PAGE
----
This is the third installment of Tokyo at Dawn, an after action report created using GMT’s Enemy Coast Ahead: The Doolittle Raid. Where a word appears in bold, it references a game mechanic or rule. The first two articles of the Tokyo at Dawn series can be found here and here. Another of Chris’ fantastic InsideGMT articles, “Walking the Distant Plain” can be found here.
SOMEWHERE IN THE WEST PACIFIC – April 18th, 1942
One by one, the 16 planes of Doolittle’s squadron launched from the deck of the USS Hornet. The planned launch meant that they would be over Japan around 10:00 p.m. However, the start of the mission did not proceed without incident. The gale made take off difficult, and unfortunately, the aircraft belonging to Roloson crashed, while the botched take-off of the Third Flight resulted in higher fuel consumption. Additionally, the flights were further from Japan than expected, which meant they had to be extra mindful of their fuel levels. Fortunately, the gale also meant severe tailwinds will carry the planes for several hours and reduce fuel consumption.
The journey to Japan had some moments of rush. A Japanese interceptor appeared at 4:00 p.m. but was quickly dispatched by the expert gunnery of Farrow’s crew. At 6:00 p.m., another interceptor appeared and this one was downed by Hackney. Finally, at 8:00 p.m., all four flights arrived over Japan. The pilots could see the lights were still on in the major cities, large beacons in the darkness to guide the planes in to their targets. One more lone interceptor appeared at this time, and it too was destroyed, this time by Stinzi.
At 10:00 p.m., as scheduled, the pilots began their bombing runs. Doolittle, in Flight One, led the raid and attempted to acquire Tokyo first. But either miscalculation or poor visibility meant they arrived over Nagoya instead.
As he approached Nagoya at low altitude with three more bombers behind him, Doolittle set his eyes on a target in Ise Bay: the large oil storage facility that fueled Japan’s navy. He could see it covered in lights, its round tanks and large stacks piercing the night sky. He allowed himself a brief moment of elation, realizing that all their work the previous three months have culminated in this: a total surprise attack on Japan. In a couple of minutes, after the first bombs detonated, the jig would be up and it would be time to high tail it to China.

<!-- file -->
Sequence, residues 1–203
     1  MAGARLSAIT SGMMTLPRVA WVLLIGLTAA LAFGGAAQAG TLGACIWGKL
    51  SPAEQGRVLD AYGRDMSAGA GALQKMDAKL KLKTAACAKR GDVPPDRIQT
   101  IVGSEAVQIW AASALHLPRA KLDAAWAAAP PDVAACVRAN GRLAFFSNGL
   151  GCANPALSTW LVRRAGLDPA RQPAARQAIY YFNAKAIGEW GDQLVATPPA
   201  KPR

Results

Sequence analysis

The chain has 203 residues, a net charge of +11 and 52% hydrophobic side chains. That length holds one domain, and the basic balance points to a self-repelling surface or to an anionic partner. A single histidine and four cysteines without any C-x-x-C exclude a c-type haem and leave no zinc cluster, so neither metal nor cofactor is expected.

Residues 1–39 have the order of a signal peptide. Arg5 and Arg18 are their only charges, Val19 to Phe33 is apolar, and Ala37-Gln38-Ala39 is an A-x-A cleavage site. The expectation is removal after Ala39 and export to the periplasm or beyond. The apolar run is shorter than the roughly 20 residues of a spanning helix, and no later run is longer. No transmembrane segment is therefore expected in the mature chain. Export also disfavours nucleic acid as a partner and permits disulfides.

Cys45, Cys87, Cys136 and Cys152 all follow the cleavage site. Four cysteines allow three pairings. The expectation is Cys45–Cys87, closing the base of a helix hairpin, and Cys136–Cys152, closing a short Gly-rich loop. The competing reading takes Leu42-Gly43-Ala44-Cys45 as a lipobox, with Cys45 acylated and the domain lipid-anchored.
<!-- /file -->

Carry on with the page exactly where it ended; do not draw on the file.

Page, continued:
The first detonation shattered the night like lightning and thunder, with secondary detonations setting fire to the facility. Doolittle had made the first successful bomb drop on Japan. Hackney followed close behind him, first aiming for the Mitsubishi Aircraft Factory, but after failing to find it, successfully targeting the oil storage also. Gray followed up with a strike against the steam power plant, with Jones also hitting the oil storage. All four planes managed to hit their targets and escape without an enemy response.
Flight Two followed just as quickly. They also attempted to acquire Tokyo first but failed. Instead, they arrived over Nagoya as well. Lawson struck first, hitting the Atsuka Aircraft Factory. Daniel followed in quick succession, devastating the same location. Smith and Watsondid not enjoy the same success. Smith tried for the Barracks and Mitsubishi Aircraft Factory, evading flak along the way. Smith finally acquired the oil storage, but missed. Watson missed the Barracks during his bombing run. As Smith left the target area, flak struck the plane’s superstructure, tearing off a wing and sending the aircraft into an unrecoverable spin. No parachutes were seen before the plane hit the ground.
Determined to strike Tokyo, Flight Three moved quickly across the city’s airspace towards the Imperial Palace, bypassing Tokyo Shipping in Tokyo Bay. McElroy successfully hits the Factory, no doubt raising alarm at the highest levels of the Japanese government. Stinzi‘s bombing run damages Tokyo Shipping and Farrow narrowly misses the same target.
Flight Four entered Tokyo’s airspace just as rapidly as Flight Three departed. Hinton, Klein, and Bower all miss the Factory but Hilger successfully hits the facility. As they passed over Tokyo Bay, Hilger could see the Japanese aircraft carrier Ryuho under construction in Tokyo Bay South. A timid flak response over the Japanese capital misses Bower’s aircraft as the American bombers disappear into the night.
Now the Americans needed to find their way to China with Japanese planes in hot pursuit.